Movies: Sequel Double Feature - ‘How To Train Your Dragon 2’ And ’22 Jump Street’
Bigger and better must have been on Dreamworks’ mind as they produced How to Train Your Dragon 2, an emotionally rich follow-up to the 2010 original. The new film takes on many of the themes of the last — loyalty and self-worth to name two — and heightens the stakes. The result is a sequel which builds upon the last for the better, adding characters and action but never losing its emotional center.
That center rests upon the shoulders and wings of a boy, Hiccup (Jay Baruchel) and his dragon, Toothless (right). We catch up with the pair free-wheeling in the sky; it has been five years since Hiccup lost his leg in a battle between humans and dragons. No longer to be feared, everyone in Hiccup’s hometown of Berk has a winged-pet of their own, including Astrid (America Ferrera), Hiccup’s girlfriend.
Back on the ground Hiccup is dealing with news that his father, and Berk’s chief, Stoick the Vast (Gerard Butler), would like for his son to follow in his powerful footsteps. Domestic drama gets put on hold, however, when Astrid and Hiccup run into a crew of professional dragon trappers capturing a horde for Drago Bloodvist’s (Djimon Honsou) dragon army. Determined to convince Drago that dragons are to be loved and respected, not captured and used for human power, Hiccup sets off to find him only to be found himself, by the mysterious Valka (Cate Blanchett, below left).
To say more about the relationships between Hiccup, Stoick, Valka’s origins, and the lovable Toothless would be a disservice, but their experiences facing the dragon army of Drago and a new Godzilla-sized threat known as the Alpha form a deep, and often dark, emotional core of the film. At its heart is the notion of power and two opposing views: that it must be captured, and that it must be earned. Suffice it to say that every character comes out changed by what happens and, were we not in an animated universe, therapy would be a must. I was surrounded by children in the theater and while none of them seemed particularly frightened, the moral burden placed on Hiccup by a late-in-the-game twist was undeniably disturbing.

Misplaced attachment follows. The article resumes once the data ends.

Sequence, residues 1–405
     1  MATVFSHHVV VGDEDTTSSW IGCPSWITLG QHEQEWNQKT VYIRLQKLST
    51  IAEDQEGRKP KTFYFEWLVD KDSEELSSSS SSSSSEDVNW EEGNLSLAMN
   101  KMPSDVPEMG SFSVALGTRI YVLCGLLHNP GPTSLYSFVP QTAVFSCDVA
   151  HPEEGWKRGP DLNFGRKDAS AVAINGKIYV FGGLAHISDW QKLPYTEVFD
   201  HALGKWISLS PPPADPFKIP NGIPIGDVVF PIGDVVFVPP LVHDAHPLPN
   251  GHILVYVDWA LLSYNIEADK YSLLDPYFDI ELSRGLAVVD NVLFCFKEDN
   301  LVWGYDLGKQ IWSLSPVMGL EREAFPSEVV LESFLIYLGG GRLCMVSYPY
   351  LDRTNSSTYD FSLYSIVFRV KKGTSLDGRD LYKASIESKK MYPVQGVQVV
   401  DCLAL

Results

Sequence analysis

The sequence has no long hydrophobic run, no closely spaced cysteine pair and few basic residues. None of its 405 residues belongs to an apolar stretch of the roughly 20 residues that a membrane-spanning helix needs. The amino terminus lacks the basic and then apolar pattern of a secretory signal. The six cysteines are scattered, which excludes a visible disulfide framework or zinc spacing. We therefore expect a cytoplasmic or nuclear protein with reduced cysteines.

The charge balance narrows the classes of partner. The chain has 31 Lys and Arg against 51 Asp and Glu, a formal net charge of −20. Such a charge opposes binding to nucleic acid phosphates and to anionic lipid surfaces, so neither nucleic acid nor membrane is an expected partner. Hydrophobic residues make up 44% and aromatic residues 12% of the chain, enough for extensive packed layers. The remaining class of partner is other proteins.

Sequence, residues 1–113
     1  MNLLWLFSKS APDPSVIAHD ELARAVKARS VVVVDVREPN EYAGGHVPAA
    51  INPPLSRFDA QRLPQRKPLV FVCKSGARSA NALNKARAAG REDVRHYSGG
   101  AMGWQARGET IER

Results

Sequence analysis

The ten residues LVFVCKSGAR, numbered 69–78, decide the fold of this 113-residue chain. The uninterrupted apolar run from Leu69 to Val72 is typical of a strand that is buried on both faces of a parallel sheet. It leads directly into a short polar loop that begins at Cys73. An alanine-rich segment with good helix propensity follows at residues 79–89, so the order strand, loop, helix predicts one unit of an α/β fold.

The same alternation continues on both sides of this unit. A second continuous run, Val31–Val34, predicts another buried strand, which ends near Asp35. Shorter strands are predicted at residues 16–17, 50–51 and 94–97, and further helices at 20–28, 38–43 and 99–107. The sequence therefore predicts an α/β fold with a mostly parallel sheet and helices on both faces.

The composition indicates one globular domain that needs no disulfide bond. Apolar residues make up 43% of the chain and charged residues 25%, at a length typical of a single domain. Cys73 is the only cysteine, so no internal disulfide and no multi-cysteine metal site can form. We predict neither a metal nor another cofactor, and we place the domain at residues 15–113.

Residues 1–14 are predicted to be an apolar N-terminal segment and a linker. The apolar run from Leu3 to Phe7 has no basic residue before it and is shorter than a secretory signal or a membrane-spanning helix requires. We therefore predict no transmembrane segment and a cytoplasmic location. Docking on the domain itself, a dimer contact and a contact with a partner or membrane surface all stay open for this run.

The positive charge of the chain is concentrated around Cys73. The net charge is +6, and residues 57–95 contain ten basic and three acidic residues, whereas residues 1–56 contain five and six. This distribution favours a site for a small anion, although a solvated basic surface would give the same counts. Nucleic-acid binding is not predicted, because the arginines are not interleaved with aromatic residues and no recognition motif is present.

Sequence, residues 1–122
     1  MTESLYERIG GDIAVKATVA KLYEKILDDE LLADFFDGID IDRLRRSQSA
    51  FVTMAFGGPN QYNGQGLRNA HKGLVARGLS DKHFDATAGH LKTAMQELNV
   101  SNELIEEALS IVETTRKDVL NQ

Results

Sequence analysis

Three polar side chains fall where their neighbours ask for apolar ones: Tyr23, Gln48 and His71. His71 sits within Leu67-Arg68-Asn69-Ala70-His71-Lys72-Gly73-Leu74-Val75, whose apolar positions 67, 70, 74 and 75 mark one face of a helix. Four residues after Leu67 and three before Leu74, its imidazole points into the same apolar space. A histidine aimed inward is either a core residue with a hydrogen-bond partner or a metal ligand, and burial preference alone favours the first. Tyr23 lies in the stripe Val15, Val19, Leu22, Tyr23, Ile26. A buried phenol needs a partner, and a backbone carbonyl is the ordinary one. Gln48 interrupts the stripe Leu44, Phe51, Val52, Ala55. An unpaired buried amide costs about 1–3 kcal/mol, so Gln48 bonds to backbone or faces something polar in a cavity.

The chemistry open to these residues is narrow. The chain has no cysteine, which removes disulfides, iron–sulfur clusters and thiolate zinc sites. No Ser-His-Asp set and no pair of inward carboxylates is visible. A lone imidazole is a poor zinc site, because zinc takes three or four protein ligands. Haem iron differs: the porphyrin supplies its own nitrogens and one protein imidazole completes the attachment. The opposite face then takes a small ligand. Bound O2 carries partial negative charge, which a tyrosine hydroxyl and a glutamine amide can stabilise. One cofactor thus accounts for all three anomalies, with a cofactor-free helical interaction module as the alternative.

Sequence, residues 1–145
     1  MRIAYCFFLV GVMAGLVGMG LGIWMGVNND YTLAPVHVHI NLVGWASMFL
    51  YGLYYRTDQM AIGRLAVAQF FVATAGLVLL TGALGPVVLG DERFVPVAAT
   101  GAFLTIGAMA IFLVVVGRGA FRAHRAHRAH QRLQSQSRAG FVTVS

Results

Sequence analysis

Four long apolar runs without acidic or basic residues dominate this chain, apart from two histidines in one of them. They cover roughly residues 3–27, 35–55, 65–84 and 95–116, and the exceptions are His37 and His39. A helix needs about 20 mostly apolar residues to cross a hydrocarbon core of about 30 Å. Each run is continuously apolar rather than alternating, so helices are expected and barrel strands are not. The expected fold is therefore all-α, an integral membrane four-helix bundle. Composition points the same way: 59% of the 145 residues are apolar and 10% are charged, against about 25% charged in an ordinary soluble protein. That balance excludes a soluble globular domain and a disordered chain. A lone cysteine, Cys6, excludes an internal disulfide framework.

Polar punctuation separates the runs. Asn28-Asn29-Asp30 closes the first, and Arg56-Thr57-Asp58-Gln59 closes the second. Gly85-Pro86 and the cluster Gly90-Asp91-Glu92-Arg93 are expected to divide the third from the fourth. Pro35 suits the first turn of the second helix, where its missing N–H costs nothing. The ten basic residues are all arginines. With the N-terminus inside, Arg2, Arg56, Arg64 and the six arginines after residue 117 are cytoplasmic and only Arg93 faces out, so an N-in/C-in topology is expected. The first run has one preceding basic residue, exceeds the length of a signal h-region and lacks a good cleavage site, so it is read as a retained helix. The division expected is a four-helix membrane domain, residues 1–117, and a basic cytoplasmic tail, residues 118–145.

Like many recent animated studio efforts, then, this is a film for adults as much as (or possibly more than) for younger audiences. However, all viewers will enjoy the lush, colorful animation and flying sequences. Two moments in particular, a dragon-hopping aerial ballet and Valka’s initial appearance through the clouds, combined the mystical pathos and ease of the best Miyazaki films with the furthest reaches of animation technology. Cate Blanchett’s phenomenal voiceover work adds aural stimulation as well, and makes for a tear-jerking moment or two. It all combines to make a sequel which expands upon the world and mythology of dragons while keeping the drama human in the utmost.
*It should be noted that the film has slight intimations of damsel-in-distress gender politics (all the more noticeable after the girl-power Frozen phenomenon) and Drago, an embodiment of pure evil, is problematically the only character of color (voiced by the only actor of color). Of particular representational note for Towleroad readers, though, is the possibility of a gay character in Stoick’s sidekick, Gobber (Craig Ferguson, right). Entertainment Weekly recently asked the film’s openly gay writer/director Dean DeBlois about a scene involving a marital argument in which Gobber remarks “This is why I never married. This and one other reason":